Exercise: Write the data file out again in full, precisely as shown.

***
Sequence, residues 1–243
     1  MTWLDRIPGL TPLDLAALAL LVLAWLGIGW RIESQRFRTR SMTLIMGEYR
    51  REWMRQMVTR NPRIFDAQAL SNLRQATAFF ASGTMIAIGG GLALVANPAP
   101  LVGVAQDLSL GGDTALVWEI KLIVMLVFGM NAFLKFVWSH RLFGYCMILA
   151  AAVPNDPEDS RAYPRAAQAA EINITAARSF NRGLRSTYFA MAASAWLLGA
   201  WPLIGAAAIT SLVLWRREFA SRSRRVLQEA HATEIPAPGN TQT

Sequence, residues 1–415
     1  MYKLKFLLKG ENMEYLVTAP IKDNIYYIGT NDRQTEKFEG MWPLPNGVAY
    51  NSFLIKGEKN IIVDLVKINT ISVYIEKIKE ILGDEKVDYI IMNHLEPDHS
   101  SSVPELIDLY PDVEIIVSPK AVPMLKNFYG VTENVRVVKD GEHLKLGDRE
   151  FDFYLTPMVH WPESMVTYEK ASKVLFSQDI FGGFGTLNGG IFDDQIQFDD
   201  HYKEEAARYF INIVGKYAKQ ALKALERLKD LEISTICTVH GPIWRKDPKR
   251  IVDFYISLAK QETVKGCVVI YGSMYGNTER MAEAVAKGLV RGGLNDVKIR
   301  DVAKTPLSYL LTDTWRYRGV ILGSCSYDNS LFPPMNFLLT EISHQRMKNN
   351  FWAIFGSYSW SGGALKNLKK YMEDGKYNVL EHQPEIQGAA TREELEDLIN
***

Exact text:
Sequence, residues 1–243
     1  MTWLDRIPGL TPLDLAALAL LVLAWLGIGW RIESQRFRTR SMTLIMGEYR
    51  REWMRQMVTR NPRIFDAQAL SNLRQATAFF ASGTMIAIGG GLALVANPAP
   101  LVGVAQDLSL GGDTALVWEI KLIVMLVFGM NAFLKFVWSH RLFGYCMILA
   151  AAVPNDPEDS RAYPRAAQAA EINITAARSF NRGLRSTYFA MAASAWLLGA
   201  WPLIGAAAIT SLVLWRREFA SRSRRVLQEA HATEIPAPGN TQT

Sequence, residues 1–415
     1  MYKLKFLLKG ENMEYLVTAP IKDNIYYIGT NDRQTEKFEG MWPLPNGVAY
    51  NSFLIKGEKN IIVDLVKINT ISVYIEKIKE ILGDEKVDYI IMNHLEPDHS
   101  SSVPELIDLY PDVEIIVSPK AVPMLKNFYG VTENVRVVKD GEHLKLGDRE
   151  FDFYLTPMVH WPESMVTYEK ASKVLFSQDI FGGFGTLNGG IFDDQIQFDD
   201  HYKEEAARYF INIVGKYAKQ ALKALERLKD LEISTICTVH GPIWRKDPKR
   251  IVDFYISLAK QETVKGCVVI YGSMYGNTER MAEAVAKGLV RGGLNDVKIR
   301  DVAKTPLSYL LTDTWRYRGV ILGSCSYDNS LFPPMNFLLT EISHQRMKNN
   351  FWAIFGSYSW SGGALKNLKK YMEDGKYNVL EHQPEIQGAA TREELEDLIN